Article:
Search Results for: discrimination

Wellness programmes may be causing more problems than they solve

wellness backfiresFar from making employees healthier, a corporate focus on their wellness may actually be making them unhappier and more prone to illnesses. That is the conclusion of a new book published by two researchers at Cass Business School and Stockholm University. In the book, The Wellness Syndrome, the authors Andre Spicer and Carl Cederström claim that the fixation with monitoring wellbeing and initiating wellness programmes may be having the obverse effect to that intended. The book argues that an obsession with wellness obliges some people to pretend to be happy at work, even when they are not and that the pressure to fit with a corporate notion of what constitutes a ‘well’ person makes them depressed and anxious that they will be labelled by their employer and colleagues if they don’t fit an ideal.

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Nearly two-thirds of over 50s say flexible working is best route to retirement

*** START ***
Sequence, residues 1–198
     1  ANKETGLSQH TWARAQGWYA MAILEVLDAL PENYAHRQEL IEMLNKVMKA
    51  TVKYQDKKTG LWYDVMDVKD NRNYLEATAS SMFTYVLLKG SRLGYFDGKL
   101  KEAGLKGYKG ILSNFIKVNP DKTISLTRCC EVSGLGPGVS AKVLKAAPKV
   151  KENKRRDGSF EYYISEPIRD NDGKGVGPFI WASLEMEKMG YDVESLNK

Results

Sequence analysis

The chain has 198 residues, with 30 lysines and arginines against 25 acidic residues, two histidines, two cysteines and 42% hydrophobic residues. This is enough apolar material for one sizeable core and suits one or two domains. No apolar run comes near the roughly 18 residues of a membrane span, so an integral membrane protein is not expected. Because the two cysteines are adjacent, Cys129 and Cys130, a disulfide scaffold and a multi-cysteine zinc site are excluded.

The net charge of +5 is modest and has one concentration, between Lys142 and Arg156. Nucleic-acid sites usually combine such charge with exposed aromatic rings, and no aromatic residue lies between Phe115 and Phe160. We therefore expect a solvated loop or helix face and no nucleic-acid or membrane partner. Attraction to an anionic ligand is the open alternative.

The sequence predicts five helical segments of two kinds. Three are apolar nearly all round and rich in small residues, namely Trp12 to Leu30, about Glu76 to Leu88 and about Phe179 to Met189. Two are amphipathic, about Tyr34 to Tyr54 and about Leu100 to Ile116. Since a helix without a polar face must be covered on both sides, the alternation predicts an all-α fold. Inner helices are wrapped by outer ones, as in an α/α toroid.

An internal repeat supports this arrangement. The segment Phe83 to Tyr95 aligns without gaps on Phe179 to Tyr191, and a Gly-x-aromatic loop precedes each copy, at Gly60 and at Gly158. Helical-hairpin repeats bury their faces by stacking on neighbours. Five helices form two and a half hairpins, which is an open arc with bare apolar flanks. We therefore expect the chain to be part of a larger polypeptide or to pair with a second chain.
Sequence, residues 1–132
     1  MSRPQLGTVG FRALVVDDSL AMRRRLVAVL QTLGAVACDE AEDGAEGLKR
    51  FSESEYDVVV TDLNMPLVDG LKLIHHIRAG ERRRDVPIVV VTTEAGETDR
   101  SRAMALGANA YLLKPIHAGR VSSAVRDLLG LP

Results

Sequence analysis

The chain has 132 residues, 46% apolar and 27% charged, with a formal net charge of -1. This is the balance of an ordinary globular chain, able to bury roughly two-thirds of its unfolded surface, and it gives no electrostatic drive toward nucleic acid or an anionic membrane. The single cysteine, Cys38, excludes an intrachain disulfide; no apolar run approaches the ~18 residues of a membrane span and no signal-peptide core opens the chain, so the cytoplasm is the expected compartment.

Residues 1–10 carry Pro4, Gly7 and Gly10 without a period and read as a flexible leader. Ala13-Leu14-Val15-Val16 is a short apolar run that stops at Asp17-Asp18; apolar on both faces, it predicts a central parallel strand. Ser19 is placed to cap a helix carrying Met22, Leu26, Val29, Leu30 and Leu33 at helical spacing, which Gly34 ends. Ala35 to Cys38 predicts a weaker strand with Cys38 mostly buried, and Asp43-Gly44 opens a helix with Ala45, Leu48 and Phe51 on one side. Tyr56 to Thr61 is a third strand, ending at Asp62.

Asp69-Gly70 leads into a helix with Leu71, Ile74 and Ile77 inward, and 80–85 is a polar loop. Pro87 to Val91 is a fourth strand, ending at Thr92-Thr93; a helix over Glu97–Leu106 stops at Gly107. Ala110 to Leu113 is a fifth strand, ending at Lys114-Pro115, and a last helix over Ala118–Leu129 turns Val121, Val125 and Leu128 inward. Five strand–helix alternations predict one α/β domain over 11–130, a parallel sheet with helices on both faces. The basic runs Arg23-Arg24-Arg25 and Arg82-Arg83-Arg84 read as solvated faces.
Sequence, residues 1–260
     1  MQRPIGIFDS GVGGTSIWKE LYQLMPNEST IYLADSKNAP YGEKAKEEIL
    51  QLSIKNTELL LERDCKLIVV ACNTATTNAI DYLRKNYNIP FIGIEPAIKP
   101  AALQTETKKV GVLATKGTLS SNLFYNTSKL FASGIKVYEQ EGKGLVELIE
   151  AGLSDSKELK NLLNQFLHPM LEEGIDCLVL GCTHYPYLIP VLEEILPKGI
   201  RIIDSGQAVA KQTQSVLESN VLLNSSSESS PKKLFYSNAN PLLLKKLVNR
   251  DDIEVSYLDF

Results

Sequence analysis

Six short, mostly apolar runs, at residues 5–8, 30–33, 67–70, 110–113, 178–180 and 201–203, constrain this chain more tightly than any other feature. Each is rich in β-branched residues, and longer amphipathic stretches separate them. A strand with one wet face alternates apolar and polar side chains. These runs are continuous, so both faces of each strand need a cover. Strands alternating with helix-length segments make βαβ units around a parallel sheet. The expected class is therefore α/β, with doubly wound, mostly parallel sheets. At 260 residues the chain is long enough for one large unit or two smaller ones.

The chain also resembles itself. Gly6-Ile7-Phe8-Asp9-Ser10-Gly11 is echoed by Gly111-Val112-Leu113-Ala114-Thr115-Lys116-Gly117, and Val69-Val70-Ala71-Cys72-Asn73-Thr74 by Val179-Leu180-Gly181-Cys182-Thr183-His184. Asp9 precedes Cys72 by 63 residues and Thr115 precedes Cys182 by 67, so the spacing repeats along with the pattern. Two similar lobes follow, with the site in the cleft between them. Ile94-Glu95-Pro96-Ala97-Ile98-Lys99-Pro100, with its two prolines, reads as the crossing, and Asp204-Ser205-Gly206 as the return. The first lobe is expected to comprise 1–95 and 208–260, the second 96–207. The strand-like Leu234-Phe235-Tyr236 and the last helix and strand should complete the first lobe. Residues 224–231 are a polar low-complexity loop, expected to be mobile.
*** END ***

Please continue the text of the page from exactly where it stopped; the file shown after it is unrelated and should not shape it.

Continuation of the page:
Nearly two-thirds of over 50s say part time working is the best way to retireAround half of over 50s would like to carry on working part time after 65, while 39 per cent of feel that working part time or flexible hours before stopping work altogether would be the best way to retire. According to new research, one in four over 50s said they would be interested in taking a few months off and then returning to work as an alternative to retirement. Meanwhile 36 percent of retirees say their advice to others would be to consider switching to flexible or part time work for a period first before retiring and 33 per cent of over 70s still working said they did so because they enjoyed it. However the poll also reveals some discrimination, with 23 percent of over 50s believing they are viewed ‘less favourably than younger workers’ and 15 per cent experiencing age-based discrimination in the workplace.

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More than half of workers report feeling stressed, but most keep it secret